Nick

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  • Hi there, I found this really helpful. He mentions stress about 5 minutes in to the video clip. You may have seen it already.

    http://www.youtube.com/watch?v=3j40WYT7hAM

     

    It's been interesting and helpful reading the posts over the weekend around feelings of shame.

    best wishes 

     

    adam x

  • H i Sparkler

    You are right, it is often another issue that identifies it for us. It is also harder when the needs of the community may not be widespreadly recognised and not readily provided for also making it even harder to be able to act if your wish too. I find the link between the psychological and the physiological intriguing. The effect of stress on our immune system in particular, if we have a cancer of the immune system then this is directly affected in some way or other?

     

    I am interested in peoples coping strategies.

     

    Yes a chill pill could be one (prescribed LOL) I hope you can get your antibiotics too. it's good to hear you out and about a bit

     

    Hugs

     

    Nick.

  • Hey all,

    Dabbling with a bit of "mindfulness" training at the moment - sort of living in the moment meditation and gentle stretching routines. I do this in addition to walking loads, and more strenuous cardio-vascular exercise such as rowing and swimming.  I honestly find that the buzz I get from exercising is the best antidote to stress.  It also makes me feel as if I have at least some control over my body...

    check out the mindfulness master Jon Kabat-Zin  in this little taster session http://www.youtube.com/watch?v=D5Fa50oj45s

    and then work your way gradually through the four guided sessions (about 45 mins each) on this tape http://www.youtube.com/watch?v=8aoOlUWO_ak

    I love it - it makes me realise how much extra "stuff" is going on in my head all the time and getting in the way of just being grounded in the world.  It's hard to slow down at first though - see what you think...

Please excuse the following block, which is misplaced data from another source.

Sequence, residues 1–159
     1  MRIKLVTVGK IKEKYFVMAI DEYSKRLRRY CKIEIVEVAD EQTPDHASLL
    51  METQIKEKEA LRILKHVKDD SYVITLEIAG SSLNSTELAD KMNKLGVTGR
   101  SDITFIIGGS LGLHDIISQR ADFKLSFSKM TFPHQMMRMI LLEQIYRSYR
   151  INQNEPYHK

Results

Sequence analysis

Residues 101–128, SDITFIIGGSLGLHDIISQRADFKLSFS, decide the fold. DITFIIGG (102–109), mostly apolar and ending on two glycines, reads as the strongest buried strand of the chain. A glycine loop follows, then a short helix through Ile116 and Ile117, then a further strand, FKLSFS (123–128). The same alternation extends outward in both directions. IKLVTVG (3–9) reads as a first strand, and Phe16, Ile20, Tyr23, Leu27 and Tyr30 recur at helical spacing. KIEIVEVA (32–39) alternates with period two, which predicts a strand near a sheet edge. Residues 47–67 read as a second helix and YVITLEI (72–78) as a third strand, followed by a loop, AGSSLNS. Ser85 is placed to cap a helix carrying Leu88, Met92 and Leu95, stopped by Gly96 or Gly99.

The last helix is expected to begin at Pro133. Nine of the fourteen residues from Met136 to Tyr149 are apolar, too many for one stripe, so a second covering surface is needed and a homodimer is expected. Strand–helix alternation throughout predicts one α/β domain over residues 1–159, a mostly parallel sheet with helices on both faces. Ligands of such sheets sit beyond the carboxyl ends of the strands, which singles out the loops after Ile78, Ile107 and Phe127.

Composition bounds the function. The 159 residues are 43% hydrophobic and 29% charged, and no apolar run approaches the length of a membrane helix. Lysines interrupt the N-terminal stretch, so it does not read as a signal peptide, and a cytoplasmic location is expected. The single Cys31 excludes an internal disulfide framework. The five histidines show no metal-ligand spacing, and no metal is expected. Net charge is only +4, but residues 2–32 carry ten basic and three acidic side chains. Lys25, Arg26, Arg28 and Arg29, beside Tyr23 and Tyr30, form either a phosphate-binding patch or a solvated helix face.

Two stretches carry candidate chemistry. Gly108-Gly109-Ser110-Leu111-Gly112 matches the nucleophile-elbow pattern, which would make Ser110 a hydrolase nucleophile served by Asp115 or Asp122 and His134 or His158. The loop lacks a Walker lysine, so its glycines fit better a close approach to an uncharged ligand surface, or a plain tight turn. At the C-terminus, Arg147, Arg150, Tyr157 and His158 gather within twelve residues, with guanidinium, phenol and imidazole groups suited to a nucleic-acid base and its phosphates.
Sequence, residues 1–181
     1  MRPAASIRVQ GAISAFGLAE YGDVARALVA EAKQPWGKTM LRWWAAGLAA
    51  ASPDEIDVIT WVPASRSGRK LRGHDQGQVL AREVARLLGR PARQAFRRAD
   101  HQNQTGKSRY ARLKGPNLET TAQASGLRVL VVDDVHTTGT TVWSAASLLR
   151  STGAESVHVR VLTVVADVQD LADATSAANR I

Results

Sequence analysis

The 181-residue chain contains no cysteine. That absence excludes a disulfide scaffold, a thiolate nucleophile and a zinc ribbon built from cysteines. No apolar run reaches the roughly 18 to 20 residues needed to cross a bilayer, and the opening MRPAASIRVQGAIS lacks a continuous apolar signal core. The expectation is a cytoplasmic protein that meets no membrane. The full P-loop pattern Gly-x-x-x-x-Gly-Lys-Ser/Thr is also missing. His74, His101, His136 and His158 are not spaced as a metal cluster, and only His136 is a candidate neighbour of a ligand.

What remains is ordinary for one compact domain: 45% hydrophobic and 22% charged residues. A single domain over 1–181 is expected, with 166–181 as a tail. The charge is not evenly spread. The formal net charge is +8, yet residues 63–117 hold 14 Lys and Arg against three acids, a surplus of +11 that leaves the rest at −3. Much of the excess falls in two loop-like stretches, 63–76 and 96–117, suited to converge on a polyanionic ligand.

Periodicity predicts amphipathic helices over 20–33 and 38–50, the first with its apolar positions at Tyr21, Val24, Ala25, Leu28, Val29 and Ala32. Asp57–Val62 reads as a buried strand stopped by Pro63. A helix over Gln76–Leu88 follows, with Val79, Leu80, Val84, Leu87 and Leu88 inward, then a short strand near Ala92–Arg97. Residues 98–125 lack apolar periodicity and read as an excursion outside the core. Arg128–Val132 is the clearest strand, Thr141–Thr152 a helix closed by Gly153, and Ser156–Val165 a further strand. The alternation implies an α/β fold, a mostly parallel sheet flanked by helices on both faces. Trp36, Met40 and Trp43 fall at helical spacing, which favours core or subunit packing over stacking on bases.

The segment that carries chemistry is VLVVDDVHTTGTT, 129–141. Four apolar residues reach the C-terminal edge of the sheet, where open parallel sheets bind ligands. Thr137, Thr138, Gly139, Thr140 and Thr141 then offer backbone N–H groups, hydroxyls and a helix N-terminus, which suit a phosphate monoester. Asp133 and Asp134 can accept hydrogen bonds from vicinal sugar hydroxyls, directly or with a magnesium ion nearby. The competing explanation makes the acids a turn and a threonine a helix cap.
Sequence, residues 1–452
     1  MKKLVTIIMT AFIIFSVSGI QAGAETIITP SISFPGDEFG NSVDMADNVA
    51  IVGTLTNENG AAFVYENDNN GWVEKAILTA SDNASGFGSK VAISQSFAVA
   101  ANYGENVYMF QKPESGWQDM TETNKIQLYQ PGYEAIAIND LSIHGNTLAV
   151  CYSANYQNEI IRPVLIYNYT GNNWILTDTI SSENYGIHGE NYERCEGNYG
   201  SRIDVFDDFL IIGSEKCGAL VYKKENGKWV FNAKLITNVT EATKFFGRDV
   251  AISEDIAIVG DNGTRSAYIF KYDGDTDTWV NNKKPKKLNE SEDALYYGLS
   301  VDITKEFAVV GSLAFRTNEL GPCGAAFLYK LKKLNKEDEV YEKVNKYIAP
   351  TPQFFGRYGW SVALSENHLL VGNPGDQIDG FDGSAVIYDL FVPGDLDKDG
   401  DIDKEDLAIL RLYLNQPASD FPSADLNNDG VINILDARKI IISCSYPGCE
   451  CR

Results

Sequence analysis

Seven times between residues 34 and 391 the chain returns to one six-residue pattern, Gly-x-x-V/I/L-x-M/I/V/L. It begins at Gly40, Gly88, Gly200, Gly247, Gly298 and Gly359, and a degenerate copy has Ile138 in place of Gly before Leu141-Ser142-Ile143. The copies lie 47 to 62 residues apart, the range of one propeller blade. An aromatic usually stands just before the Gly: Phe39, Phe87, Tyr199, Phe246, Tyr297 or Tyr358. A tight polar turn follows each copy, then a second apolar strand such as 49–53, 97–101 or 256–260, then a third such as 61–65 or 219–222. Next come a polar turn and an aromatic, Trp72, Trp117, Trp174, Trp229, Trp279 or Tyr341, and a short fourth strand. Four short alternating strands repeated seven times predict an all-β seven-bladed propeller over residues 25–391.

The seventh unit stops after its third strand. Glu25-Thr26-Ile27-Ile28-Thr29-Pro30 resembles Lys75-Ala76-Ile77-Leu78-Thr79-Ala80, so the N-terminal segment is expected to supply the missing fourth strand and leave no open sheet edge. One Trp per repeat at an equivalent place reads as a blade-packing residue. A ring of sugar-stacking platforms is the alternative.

It's being used quite successfully  for depression and pain relief at the moment.

    Be interested in hearing what people think, or whether folks are already using this technique...

    Jules xxx

  •  

     Thanks for the links Adam and Julia I will have a read and get back. Sparkler, laughter has to be high on my list I made a few notes last year that I can add to yours.and revisit.Here's a thought, laughter may improve our faulty immune system but:.

     

    Is there another side to CLL too; there is always the question if we should stimulate our immune system, could this stimulate the disease?

     

    Humour and the positive emotions – love, faith, purpose, determination, the will-to-live, and hope- are a powerful biochemical prescription for dispelling foreboding and despair, and the deep feelings of apprehension and panic that accompany serious illness. Humour radically stimulates the whole immune system, significantly increasing immunoglobulins and T cells, B cells, Natural Killer cells (which seek out and destroy normal cancer cells that they can recognise) and Cytokine Gamma Interferon (which inhibits tumour growth). Humour boosts the whole immune system.

     

    we know our tumour cells being part of the same system (B cells) cannot be recognised so I can justify why I don't laugh as much any more.

     

    So I don;t feel to bad when i'm  being a grumpy not so happy CLL patient some of the time.

     

    Boosting the immune system is a popular theme in fighting cancer and laughter underpins this. But its OK for us not to smile it may be good for us too. LOL???

     

    A funny